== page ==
There are presently 26 Kids’ Chance chapters around the country providing educational opportunities and scholarships to the children of injured workers so they may receive the education they deserve. Their mission is to help these young people reach their potential by giving them the chance to pursue their dreams of graduating from various institutions of higher education, even in the midst of a family crisis.
In support of these national and local goals, Paradigm refers scholarship candidates and encourages volunteers to open state chapters. Paradigm also contributes a portion of their annual revenue, making them the organization’s largest corporate contributor for 2011. This assistance will enable Kids’ Chance to benefit even more families.
To refer a case to Paradigm, or to ask us a question, please call 800-942-1725 or visit our website. For more information on Kids’ Chance, please visit their website.
In catastrophic injury cases, the goal is to achieve the highest recovery level possible for the injured worker so they may be released to return to work. Accomplishing this can be challenging, but there are five steps organizations can take to improve their results in returning catastrophically injured people to work.
1. Establish Recovery Goals
When managing a new case, whether in the acute or post-acute phase, it is important not only to assess the patient’s current condition, but also to project their highest possible recovery and likelihood for a return to work. This helps coordinate all the providers and interventions for a common goal—a high-quality recovery. Make this part of a comprehensive care plan that averts complications, improves quality of life, increases the likelihood of the best outcome and focuses on returning the injured person to the workforce.
2. Engage an Onsite Case Manager
Never underestimate the power of having a case manager onsite for catastrophic and complex injuries. Traditional telephonic care management models are insufficient for cases such as these due to their high volatility. Truly effective catastrophic case management requires a nurse case manager with extensive medical expertise in catastrophic injuries to help the injured worker and his or her family navigate each phase of recovery. This level of involvement ensures the case manager is keenly aware of the injured worker’s condition and can advise on a comprehensive course of treatment.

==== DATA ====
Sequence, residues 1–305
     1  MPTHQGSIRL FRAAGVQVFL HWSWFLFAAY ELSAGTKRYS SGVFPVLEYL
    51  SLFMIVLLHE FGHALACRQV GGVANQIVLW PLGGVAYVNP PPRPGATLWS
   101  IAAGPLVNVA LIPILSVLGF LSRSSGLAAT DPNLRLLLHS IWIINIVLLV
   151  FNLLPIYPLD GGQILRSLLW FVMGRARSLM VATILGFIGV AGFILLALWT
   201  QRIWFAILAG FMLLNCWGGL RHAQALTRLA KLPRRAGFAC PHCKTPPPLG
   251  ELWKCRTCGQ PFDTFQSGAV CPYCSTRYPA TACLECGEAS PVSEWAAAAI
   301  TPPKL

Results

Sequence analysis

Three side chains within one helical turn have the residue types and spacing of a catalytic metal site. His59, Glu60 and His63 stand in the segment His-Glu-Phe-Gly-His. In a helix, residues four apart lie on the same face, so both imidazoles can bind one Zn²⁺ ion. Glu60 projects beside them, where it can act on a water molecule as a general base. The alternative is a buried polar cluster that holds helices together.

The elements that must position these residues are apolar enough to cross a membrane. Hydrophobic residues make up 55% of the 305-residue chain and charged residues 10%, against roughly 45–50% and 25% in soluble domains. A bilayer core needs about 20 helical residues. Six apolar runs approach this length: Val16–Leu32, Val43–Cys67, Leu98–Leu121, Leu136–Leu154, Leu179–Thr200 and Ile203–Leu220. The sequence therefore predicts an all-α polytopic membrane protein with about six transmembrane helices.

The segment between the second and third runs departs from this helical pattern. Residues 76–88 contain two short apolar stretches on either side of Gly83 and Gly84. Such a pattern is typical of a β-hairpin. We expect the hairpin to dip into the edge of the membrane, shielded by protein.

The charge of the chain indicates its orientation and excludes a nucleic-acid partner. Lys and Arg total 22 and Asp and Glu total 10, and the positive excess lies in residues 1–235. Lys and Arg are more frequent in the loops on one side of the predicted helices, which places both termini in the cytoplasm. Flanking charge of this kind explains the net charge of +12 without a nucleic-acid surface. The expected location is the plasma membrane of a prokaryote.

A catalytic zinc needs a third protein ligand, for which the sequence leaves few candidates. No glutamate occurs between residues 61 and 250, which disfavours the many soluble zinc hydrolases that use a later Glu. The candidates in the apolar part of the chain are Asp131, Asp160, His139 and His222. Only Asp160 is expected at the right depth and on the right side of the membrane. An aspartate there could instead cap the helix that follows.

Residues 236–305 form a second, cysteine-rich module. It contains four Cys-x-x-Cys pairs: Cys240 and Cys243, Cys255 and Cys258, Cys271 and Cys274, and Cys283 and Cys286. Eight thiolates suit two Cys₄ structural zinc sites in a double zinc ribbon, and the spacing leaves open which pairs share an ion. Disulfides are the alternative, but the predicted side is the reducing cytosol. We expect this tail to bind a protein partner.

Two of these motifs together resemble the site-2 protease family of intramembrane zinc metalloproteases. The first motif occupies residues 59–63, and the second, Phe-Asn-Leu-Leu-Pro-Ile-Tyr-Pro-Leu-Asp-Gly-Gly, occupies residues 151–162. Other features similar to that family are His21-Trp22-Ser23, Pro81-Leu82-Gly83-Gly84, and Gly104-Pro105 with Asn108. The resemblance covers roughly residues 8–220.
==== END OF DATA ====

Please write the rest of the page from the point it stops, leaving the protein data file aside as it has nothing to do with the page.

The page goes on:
3. Enlist the Services of Specialists
It is critical to enlist leading practitioners focusing on catastrophic care to consult with an injured worker’s attending physician and ensure the right diagnosis and the most appropriate care. Physician to physician collaboration is critical to developing a road map for the injured worker so he or she may achieve the highest level of function and ultimately return to work.
4. Make Sure Support Systems are Working as Designed
Medical professionals do their best work when supported by a strong clinical advisory team. Strong data analytics assist in defining potential risk and ways to avoid complications. Historical clinical data and a clinical support infrastructure should all be built into your triage and claim management systems to support early identification of these very difficult cases.
5. Put Patient Care First
Finally, when patient care is the top priority, the result is a greatly improved quality of life for the injured worker and his or her family, and significant lifetime cost savings for the payor. Expert medical management and a systematic approach lead to superior outcomes.
For more information on improving return to work results, please feel free to contact us or join our social communities.